0
$\begingroup$

The photoelectric effect is explained as that if a photon of energy more than the work function is absorbed by an electron, the electron will overcome the energy binding material, it is well supported by Bohr's model of atom where an electron can jump to n=$\infty$ provided a photon of required energy is absorbed.

(I am equating the photoelectric electron emission to excitation of an electron from its ground state to n=$\infty$ in Bohr model)

Now as Bohr model is obsolete, How does the uncertainty principle, Hund's rules and probability distribution(which says that an electron ha a non-zero probability of being located at very large distances) deviate or modify or accommodates in photoelectric effect?

Or to put in another way, What is the quantum mechanical explanation of photoelectric effect?

(I would love a simple explanation,understandable to high schooler)

$\endgroup$
  • $\begingroup$ The first paragraph of your question sums up as your answer, provided your definition of quantum mechanics is not different. $\endgroup$ – SchrodingersCat Feb 19 '17 at 11:15
0
$\begingroup$

$$ H \psi = E \psi$$

The energy of a state is given by the quantum mechanical observable, the Hamiltonian. By solving for this equation for a particular potential we can find these eigenstates and eigenvalues. (for a simple system with one valence electron like Rubidium you make the approximation that dynamics can be modeled almost exclusively by the one valence electron, since other the protons and electrons cancel each other out.)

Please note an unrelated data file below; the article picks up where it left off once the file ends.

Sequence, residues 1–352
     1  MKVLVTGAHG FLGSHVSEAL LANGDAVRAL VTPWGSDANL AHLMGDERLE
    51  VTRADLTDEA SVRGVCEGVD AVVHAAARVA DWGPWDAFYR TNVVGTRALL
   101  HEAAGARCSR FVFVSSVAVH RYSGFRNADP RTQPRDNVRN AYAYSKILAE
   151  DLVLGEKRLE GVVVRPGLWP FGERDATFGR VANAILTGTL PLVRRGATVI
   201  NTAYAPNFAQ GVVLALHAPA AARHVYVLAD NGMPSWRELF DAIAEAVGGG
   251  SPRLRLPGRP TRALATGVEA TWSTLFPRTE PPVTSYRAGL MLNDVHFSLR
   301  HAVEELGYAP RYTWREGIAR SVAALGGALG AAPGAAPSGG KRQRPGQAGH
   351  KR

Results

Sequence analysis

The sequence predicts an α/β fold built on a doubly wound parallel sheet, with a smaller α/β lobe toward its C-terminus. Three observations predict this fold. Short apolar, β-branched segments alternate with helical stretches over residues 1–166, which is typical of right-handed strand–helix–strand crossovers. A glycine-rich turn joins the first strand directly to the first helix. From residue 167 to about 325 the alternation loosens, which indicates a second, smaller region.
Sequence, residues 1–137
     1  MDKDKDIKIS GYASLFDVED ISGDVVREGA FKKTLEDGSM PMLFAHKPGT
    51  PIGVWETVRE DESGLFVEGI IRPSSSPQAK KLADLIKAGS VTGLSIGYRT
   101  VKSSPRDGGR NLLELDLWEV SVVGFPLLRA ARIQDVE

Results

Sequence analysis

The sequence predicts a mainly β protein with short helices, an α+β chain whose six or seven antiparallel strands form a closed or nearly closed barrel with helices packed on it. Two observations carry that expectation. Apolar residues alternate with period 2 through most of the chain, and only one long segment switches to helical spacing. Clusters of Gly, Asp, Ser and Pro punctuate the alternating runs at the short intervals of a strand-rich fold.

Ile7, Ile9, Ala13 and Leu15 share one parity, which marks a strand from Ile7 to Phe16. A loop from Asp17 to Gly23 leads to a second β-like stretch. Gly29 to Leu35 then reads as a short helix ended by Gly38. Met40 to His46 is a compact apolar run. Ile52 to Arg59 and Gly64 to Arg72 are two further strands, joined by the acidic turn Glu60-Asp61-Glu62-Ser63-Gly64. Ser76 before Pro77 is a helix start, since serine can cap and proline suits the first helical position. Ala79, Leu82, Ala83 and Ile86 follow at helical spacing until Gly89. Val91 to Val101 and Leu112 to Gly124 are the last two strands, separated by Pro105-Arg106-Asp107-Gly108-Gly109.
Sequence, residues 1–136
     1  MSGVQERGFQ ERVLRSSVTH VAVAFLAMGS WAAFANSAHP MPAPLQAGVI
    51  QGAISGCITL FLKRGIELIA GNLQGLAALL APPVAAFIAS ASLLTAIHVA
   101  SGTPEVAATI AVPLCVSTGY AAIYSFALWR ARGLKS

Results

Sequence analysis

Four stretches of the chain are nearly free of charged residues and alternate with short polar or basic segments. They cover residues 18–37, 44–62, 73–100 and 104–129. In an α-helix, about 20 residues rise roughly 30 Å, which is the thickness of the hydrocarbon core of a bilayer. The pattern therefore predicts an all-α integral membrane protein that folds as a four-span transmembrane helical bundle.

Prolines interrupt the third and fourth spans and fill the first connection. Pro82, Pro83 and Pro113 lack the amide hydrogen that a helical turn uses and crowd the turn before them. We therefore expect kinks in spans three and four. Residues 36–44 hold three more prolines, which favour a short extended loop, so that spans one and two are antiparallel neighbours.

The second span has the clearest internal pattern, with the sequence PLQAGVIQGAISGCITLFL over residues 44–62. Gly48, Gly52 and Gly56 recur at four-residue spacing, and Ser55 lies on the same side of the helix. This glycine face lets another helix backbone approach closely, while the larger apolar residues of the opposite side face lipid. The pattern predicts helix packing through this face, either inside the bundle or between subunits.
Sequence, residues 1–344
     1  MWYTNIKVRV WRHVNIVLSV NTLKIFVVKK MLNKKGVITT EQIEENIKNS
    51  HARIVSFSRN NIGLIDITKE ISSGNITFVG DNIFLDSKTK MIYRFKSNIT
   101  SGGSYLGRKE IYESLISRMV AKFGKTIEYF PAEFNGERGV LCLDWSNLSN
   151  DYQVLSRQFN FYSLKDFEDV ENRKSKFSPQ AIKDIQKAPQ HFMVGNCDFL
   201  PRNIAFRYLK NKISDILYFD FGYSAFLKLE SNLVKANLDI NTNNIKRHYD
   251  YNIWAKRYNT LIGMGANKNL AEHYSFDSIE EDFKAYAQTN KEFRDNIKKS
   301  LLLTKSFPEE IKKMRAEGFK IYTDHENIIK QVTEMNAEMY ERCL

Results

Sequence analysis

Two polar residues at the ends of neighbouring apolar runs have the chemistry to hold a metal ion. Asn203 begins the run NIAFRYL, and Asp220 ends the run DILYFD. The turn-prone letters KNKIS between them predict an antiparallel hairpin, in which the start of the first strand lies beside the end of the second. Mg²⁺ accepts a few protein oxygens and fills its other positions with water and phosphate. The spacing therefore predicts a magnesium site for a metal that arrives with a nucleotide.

We see that after solving these equations, there's a discrete number of solutions. The eigenvalues associated with these eigenstate/eigenfunctions are the energies.

The process of "absorbing a photon" is simply that a system with fixed eigenstates can only jump from one energy eigenstate to another energy eigenstate. They can't go half-way there, they must go all the way.

There's some more technical complications when you do a full quantum mechanical treatment. Like the quantum mechanical is a composite system so you need to consider the energy of all two objects, and that the energy of the second object will often modify the Hamiltonian significantly. Additionally the term "photon" is also another can of worms, as the real meaning of it typically refers to the discrete units of energy the E-field can take on. But the rough idea is still there.

$\endgroup$
  • $\begingroup$ "One of the primary axioms in quantum mechanics is that the only things you can observe are eigenstates of the system." Is this your personal opinion? Could you give a reference? "Eigenstates of the system" does not even make sense until you specify the observable. If, however, you mean eigenstates of energy, it still is not obvious that such statement is correct. $\endgroup$ – akhmeteli Feb 19 '17 at 10:20
  • $\begingroup$ I realize my language is a little sloppy and fixed it. $\endgroup$ – Steven Sagona Feb 19 '17 at 10:23

Your Answer

By clicking “Post Your Answer”, you agree to our terms of service, privacy policy and cookie policy